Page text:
Skip to main content
Menu

The National Portrait Gallery acknowledges the Traditional Custodians of Country throughout Australia and recognises the continuing connection to lands, waters and communities. We pay our respect to Aboriginal and Torres Strait Islander cultures and to Elders both past and present.

Aboriginal and Torres Strait Islander viewers are warned that this website contains images of deceased persons.

The family

Big bouquet of Blackmans

Magazine article by Dr Sarah Engledow, 2013

Dr. Sarah Engledow explores the context surrounding Charles Blackman's portrait of Judith Wright, Jack McKinney and their daughter Meredith.

Untitled (girl on chair with red shoes) by Violet Frisby

Finding Mrs Frisby

Magazine article by Robyn Sweaney, 2016

Robyn Sweaney's quiet Violet obsession.

Self Portrait, 1963–64

What price self?

Magazine article by Jane Raffan, 2013

Jane Raffan investigates auction sales of self portraits nationally and internationally.

Olegas Truchanas

Giving a dam

True south #1
About Face article

Ensconced and meditative in crisp Tasmania, Joanna Gilmour pays tribute to passionate green advocate and photographer Olegas Truchanas.

Emitt sitting, 2001 by Lucy Culliton

Lucy Culliton

Explore The Popular Pet Show

Most well-regarded pictures of chickens show them dead. A reliable way to tell if a chicken in a painting is dead is to check if it’s hanging upside down, because unlike, say, cockatoos, chickens don’t practise inversion for enjoyment in life.

Jacki Weaver

Flash mob

Magazine article by Dr Sarah Engledow, 2019

Sarah Engledow trains her exacting lens on the nine photographs from 20/20.

Lottie Lyell as Doreen by Monte Luke

Their brilliant careers

Magazine article by Jenny Gall, 2017

Jenny Gall delves into Starstruck to celebrate some of Australian cinema’s iconic women.

Barry Humphries

Uncommon Australians

The vision of Gordon and Marilyn Darling
General content

Sarah Engledow writes about Gordon and Marilyn Darling and their support for the National Portrait Gallery throughout its evolution.

William Shakespeare, c. 1600-1610  associated with John Taylor

Take thy face hence

Magazine article by Joanna Gilmour, 2022

Joanna Gilmour travels through time to explore the National Portrait Gallery London’s masterpieces in Shakespeare to Winehouse.

Howard Taylor

Reflections on portraiture

Magazine article by Andrew Sayers AM, 2004

An extract from the 2004 Nuala O'Flaaherty Memorial Lecture at the Queen Victoria Musuem and Art Gallery in Launceston in which Andrew Sayers reflects on the unique qualities of a portrait gallery.

Billy Hughes paperweight

Mugshots

Magazine article by Dr Sarah Engledow, 2006

A toast to the acquisition of an unconventional new portrait of former Prime Minister, Stanley Melbourne Bruce.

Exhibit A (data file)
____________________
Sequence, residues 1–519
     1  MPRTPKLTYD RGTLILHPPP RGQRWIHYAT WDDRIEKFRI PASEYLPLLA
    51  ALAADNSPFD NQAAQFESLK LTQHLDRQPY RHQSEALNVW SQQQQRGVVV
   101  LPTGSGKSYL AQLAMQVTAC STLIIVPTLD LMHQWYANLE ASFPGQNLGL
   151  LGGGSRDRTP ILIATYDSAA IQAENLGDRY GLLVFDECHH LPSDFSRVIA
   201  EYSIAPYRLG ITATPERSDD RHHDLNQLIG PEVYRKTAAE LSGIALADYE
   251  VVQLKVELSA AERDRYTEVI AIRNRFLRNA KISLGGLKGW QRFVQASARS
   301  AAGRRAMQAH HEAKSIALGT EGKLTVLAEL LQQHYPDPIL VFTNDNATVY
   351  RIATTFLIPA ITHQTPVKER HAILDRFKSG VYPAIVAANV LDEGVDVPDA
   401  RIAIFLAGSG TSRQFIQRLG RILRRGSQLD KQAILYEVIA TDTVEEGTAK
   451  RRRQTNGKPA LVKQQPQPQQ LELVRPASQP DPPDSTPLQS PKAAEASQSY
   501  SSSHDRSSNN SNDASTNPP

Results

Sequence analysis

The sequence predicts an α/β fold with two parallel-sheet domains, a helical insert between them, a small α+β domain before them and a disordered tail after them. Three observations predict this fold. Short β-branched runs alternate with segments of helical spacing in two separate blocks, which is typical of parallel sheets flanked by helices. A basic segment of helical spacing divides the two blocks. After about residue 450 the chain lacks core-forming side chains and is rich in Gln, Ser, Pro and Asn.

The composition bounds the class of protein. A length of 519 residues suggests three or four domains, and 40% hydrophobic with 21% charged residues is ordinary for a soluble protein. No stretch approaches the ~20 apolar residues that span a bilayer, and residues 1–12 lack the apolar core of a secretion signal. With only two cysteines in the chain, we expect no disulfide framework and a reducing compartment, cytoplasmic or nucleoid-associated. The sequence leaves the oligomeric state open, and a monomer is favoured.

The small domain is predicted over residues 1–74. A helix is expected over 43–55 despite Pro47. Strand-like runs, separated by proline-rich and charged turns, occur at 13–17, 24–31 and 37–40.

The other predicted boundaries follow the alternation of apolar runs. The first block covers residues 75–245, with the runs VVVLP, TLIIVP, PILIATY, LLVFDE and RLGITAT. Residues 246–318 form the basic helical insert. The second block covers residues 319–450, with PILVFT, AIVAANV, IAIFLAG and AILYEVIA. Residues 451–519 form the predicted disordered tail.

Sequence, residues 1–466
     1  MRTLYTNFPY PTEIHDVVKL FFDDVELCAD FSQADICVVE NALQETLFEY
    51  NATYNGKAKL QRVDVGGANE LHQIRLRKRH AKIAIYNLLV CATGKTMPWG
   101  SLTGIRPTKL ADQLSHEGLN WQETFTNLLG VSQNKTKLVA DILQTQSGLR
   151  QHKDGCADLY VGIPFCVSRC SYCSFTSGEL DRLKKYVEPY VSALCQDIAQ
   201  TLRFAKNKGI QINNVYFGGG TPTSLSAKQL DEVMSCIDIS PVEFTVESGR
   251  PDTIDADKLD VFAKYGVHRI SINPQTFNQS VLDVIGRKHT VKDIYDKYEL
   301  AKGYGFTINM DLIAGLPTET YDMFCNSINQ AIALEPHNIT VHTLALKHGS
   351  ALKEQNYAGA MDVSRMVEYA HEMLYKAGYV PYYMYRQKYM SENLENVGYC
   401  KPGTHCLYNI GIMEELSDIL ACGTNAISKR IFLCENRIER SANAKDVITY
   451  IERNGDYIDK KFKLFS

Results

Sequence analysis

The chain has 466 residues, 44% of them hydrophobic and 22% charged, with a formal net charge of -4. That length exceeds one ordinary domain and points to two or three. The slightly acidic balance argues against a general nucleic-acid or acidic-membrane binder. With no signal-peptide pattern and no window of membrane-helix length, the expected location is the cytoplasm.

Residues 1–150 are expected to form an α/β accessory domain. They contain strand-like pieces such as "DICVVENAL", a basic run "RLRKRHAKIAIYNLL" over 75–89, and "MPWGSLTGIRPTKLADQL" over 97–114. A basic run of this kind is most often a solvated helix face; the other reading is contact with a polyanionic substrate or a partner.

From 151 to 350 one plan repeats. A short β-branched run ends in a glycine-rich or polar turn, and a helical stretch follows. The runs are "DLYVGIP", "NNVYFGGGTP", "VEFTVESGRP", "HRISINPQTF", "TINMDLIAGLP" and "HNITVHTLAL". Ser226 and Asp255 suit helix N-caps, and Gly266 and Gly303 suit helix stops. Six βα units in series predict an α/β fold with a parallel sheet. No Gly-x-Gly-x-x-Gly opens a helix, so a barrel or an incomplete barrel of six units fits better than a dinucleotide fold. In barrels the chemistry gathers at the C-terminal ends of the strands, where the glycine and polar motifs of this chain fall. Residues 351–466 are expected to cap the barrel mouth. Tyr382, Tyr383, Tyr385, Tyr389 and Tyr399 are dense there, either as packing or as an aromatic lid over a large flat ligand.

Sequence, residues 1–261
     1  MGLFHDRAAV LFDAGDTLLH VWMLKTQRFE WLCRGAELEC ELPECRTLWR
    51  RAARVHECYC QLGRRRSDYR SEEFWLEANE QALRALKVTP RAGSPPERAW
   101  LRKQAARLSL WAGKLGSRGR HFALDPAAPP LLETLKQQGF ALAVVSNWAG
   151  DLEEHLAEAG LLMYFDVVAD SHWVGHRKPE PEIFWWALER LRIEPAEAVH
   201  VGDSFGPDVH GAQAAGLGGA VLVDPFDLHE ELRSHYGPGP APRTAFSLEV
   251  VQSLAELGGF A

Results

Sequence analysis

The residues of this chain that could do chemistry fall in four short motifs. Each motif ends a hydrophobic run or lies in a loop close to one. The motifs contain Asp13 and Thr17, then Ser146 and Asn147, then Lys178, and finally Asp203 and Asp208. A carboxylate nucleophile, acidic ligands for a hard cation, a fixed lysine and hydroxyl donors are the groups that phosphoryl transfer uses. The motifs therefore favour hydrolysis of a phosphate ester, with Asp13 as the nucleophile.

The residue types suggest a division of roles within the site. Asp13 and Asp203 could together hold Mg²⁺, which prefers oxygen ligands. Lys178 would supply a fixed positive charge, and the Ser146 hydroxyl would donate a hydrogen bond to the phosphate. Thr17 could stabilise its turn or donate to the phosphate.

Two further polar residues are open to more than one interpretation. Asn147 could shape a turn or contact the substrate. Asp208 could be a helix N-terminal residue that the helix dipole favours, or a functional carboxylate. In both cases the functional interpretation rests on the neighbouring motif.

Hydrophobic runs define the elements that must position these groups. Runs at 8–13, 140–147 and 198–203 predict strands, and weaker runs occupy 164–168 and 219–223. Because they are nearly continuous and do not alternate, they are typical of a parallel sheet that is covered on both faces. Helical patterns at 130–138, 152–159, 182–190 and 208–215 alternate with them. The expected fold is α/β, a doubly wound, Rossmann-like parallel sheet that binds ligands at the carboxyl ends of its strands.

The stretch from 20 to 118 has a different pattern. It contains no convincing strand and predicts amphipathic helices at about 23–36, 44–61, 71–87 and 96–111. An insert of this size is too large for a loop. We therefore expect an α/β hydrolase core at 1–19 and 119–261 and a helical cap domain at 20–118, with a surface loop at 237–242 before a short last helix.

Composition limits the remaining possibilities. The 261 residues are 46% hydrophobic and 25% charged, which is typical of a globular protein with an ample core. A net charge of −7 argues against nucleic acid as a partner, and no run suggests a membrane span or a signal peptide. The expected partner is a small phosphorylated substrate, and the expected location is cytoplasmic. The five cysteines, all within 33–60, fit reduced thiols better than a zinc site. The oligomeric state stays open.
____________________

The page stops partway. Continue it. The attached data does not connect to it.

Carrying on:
Albert Jonas and John Xiniwe of The African Choir, 1891 London Stereoscopic Co.

Back in black

Magazine article by Krysia Kitch, 2017

Krysia Kitch reviews black chronicles at the National Portrait Gallery, London.

Betty Bryant, c. 1939

The life of Bryant

Magazine article by Tenille Hands, 2018

Tenille Hands explores a portrait prize gifted to the National Screen and Sound Archive.

Portrait of Captain James Cook RN

Unbuttoning uniforms

Magazine article by Sharon Peoples, 2017

Sharon Peoples contemplates costumes and the construction of identity.

Lyndall Hobbs and Marilyn at the Come as your favourite blonde party, Blitz Club, London, 1979 Robert Rosen

Shiny, happy people

Magazine article by Glynis Jones, 2022

Glynis Jones on the Powerhouse’s retrospective of one of Australia’s foremost fashion reportage and social photographers.

The Art Lovers - Megan, 2013 by Gary Grealy

Everybody, look serious

NPPP 2014 exhibition essay
General content

Dr Sarah Engledow, National Photographic Portrait Prize judge and curator, introduces the 2014 Prize.

© National Portrait Gallery 2022
King Edward Terrace, Parkes
Canberra, ACT 2600, Australia

Phone +61 2 6102 7000
Fax +61 2 6102 7001
ABN: 54 74 277 1196

The National Portrait Gallery acknowledges the Traditional Custodians of Country throughout Australia and recognises the continuing connection to lands, waters and communities. We pay our respect to Aboriginal and Torres Strait Islander cultures and to Elders past and present. We respectfully advise that this site includes works by, images of, names of, voices of and references to deceased people.

This website comprises and contains copyrighted materials and works. Copyright in all materials and/or works comprising or contained within this website remains with the National Portrait Gallery and other copyright owners as specified.

The National Portrait Gallery respects the artistic and intellectual property rights of others. The use of images of works of art reproduced on this website and all other content may be restricted under the Australian Copyright Act 1968 (Cth). Requests for a reproduction of a work of art or other content can be made through a Reproduction request. For further information please contact NPG Copyright.

The National Portrait Gallery is an Australian Government Agency